The University of Southampton
University of Southampton Institutional Repository

Primary stroke prevention in Nigerian children with sickle cell disease (SPIN): challenges of conducting a feasibility trial

Primary stroke prevention in Nigerian children with sickle cell disease (SPIN): challenges of conducting a feasibility trial
Primary stroke prevention in Nigerian children with sickle cell disease (SPIN): challenges of conducting a feasibility trial

BACKGROUND: The majority of children with sickle cell disease (SCD), approximately 75%, are born in sub-Saharan Africa. For children with elevated transcranial Doppler (TCD) velocity, regular blood transfusion therapy for primary stroke prevention is standard care in high income countries, but is not feasible in sub-Saharan Africa.

PROCEDURE: In the first U.S. National Institute of Health (NIH) sponsored SCD clinical trial in sub-Saharan Africa, we describe the protocol and challenges unique to starting a clinical trial in this region. We are conducting a single arm pilot trial of hydroxyurea therapy in children with TCD velocity ≥200 cm/sec in the middle cerebral arteries. Eligible children will be placed on hydroxyurea (n = 40) and followed for 3 years at Aminu Kano Teaching Hospital, Nigeria. Adherence will be measured via the Morisky Scale and adverse events will be determined based on hospitalization.

RESULTS: Originally, a randomized placebo trial was planned; however, placebo was not approved by the local Ethics Committee. Hence a single arm trial of hydroxyurea will be conducted and five controls per patient with normal TCD measurements will be followed to compare the rate of adverse events to those with abnormal TCD measurements taking hydroxyurea. Using non-NIH funding, over 9 months, multiple face-to-face investigator meetings were conducted to facilitate training.

CONCLUSION: A hydroxyurea trial (NCT01801423) for children with SCD is feasible in sub-Saharan Africa; however, extensive training and resources are needed to build a global patient oriented multi-disciplinary research team with a common purpose.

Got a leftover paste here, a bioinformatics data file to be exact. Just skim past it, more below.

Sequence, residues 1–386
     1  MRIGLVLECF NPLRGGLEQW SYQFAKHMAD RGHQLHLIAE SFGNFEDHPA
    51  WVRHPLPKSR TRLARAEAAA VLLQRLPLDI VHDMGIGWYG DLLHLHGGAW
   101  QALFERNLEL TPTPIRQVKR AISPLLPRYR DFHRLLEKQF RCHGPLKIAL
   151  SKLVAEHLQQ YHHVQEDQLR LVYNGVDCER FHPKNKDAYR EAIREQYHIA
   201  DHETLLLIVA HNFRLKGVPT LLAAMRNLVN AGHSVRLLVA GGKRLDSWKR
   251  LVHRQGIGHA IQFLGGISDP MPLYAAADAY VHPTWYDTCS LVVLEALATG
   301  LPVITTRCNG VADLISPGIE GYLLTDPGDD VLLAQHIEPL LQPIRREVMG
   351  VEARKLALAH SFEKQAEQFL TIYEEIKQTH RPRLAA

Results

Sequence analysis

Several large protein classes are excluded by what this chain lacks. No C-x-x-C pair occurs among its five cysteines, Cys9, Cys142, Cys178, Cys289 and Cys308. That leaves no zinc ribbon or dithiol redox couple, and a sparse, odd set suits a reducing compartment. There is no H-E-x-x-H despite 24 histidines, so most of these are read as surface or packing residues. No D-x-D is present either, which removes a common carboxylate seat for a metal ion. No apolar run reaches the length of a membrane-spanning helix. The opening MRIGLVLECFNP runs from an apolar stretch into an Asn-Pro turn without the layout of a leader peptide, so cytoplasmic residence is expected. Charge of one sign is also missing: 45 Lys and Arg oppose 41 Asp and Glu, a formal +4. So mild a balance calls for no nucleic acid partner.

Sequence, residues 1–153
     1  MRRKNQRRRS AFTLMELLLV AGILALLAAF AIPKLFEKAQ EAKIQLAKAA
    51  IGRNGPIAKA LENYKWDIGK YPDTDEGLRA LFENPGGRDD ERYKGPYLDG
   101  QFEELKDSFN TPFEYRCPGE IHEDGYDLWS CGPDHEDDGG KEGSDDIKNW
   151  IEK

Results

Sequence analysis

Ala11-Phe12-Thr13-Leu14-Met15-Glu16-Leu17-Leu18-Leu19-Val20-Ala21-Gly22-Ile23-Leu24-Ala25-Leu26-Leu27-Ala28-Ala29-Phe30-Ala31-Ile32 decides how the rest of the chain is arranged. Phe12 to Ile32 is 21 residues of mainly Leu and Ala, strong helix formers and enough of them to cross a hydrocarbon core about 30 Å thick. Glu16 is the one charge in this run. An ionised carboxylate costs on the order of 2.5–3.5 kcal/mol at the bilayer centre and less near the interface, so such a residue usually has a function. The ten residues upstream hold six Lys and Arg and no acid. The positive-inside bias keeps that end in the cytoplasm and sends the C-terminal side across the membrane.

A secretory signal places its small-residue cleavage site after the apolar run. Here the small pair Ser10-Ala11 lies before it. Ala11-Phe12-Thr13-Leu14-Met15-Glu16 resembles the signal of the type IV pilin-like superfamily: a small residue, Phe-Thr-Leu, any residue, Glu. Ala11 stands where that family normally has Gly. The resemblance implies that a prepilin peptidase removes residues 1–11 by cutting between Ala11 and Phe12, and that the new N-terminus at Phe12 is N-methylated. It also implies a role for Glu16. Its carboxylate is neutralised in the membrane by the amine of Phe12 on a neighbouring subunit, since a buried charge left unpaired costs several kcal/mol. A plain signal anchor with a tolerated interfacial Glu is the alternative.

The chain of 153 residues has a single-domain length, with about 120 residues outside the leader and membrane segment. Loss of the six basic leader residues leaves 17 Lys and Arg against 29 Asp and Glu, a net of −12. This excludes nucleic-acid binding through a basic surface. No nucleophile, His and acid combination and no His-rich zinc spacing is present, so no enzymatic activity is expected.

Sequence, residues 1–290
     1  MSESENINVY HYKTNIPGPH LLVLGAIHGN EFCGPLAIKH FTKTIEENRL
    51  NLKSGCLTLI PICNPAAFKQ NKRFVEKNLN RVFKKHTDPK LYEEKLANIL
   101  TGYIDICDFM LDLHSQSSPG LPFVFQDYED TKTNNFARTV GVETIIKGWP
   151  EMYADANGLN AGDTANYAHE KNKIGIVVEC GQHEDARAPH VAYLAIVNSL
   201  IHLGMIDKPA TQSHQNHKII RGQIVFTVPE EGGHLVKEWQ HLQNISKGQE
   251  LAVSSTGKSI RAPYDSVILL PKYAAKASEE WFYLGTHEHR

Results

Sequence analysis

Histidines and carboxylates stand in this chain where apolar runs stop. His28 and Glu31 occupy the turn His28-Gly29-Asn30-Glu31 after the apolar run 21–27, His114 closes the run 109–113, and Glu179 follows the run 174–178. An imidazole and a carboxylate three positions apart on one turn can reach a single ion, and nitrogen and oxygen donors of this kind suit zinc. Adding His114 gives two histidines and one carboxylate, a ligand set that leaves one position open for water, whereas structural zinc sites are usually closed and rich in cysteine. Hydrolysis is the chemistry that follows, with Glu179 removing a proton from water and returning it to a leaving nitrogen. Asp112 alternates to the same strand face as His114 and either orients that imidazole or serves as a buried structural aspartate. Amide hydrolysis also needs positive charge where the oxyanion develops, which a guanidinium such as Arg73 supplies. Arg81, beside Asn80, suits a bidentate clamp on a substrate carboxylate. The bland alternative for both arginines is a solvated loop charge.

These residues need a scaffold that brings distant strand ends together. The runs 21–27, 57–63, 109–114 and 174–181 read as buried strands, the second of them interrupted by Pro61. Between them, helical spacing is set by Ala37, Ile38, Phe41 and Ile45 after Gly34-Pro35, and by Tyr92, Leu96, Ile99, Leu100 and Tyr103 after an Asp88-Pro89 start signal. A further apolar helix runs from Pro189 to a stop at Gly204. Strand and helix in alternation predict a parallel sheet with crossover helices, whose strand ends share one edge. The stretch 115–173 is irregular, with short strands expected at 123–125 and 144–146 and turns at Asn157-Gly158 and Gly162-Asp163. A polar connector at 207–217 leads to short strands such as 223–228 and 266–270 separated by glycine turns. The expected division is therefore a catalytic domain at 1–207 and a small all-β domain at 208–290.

Anemia, Sickle Cell, Antisickling Agents, Child, Child, Preschool, Feasibility Studies, Female, Follow-Up Studies, Guideline Adherence, Humans, Hydroxyurea, Male, Middle Cerebral Artery, Nigeria, Pilot Projects, Stroke, Ultrasonography, Doppler, Transcranial, Clinical Trial, Phase III, Journal Article, Multicenter Study, Research Support, N.I.H., Extramural, Research Support, Non-U.S. Gov't
1545-5017
395-401
Galadanci, Najibah A.
80dec9f8-31bc-4f08-886f-bd4e8477a671
Abdullahi, Shehu U.
16db6610-f79c-467b-804f-2a9f196c7453
Tabari, Musa A.
3ea02890-11e7-4fda-994c-9a3eda13fa9a
Abubakar, Shehi
265e26a5-913d-48dc-bc7a-9824ce4450f3
Belonwu, Raymond
672fa7bc-e7d4-41b0-bd18-6eec42703d10
Salihu, Auwal
b53aac95-0ceb-4f11-90eb-bd257e4144e5
Neville, Kathleen
f072b96f-234e-4152-9456-e6547930a628
Kirkham, Fenella
1dfbc0d5-aebe-4439-9fb2-dac6503bcd58
Inusa, Baba
830cfc6c-2482-4986-b2d3-9edd5cf2d9f5
Shyr, Yu
cc4a2b20-95f5-4329-ac05-27046d025c6a
Phillips, Sharon
4179f31b-f66b-4f25-a1c8-7c9c44f196ac
Kassim, Adetola A.
5cb6d6cb-8ec6-4ffb-b939-f3c10f1599ee
Jordan, Lori C.
a9c77505-fc6e-4ab7-bba2-eed55c93bbb1
Aliyu, Muktar H.
8acd6d5a-d6f7-4560-8fbf-76fd616ef2b7
Covert, Brittany V.
fe5cd779-28e7-4822-93d7-bd2c0b7bc505
DeBaun, Michael R.
76559153-80c6-4642-bdf8-672a75570dfe
Galadanci, Najibah A.
80dec9f8-31bc-4f08-886f-bd4e8477a671
Abdullahi, Shehu U.
16db6610-f79c-467b-804f-2a9f196c7453
Tabari, Musa A.
3ea02890-11e7-4fda-994c-9a3eda13fa9a
Abubakar, Shehi
265e26a5-913d-48dc-bc7a-9824ce4450f3
Belonwu, Raymond
672fa7bc-e7d4-41b0-bd18-6eec42703d10
Salihu, Auwal
b53aac95-0ceb-4f11-90eb-bd257e4144e5
Neville, Kathleen
f072b96f-234e-4152-9456-e6547930a628
Kirkham, Fenella
1dfbc0d5-aebe-4439-9fb2-dac6503bcd58
Inusa, Baba
830cfc6c-2482-4986-b2d3-9edd5cf2d9f5
Shyr, Yu
cc4a2b20-95f5-4329-ac05-27046d025c6a
Phillips, Sharon
4179f31b-f66b-4f25-a1c8-7c9c44f196ac
Kassim, Adetola A.
5cb6d6cb-8ec6-4ffb-b939-f3c10f1599ee
Jordan, Lori C.
a9c77505-fc6e-4ab7-bba2-eed55c93bbb1
Aliyu, Muktar H.
8acd6d5a-d6f7-4560-8fbf-76fd616ef2b7
Covert, Brittany V.
fe5cd779-28e7-4822-93d7-bd2c0b7bc505
DeBaun, Michael R.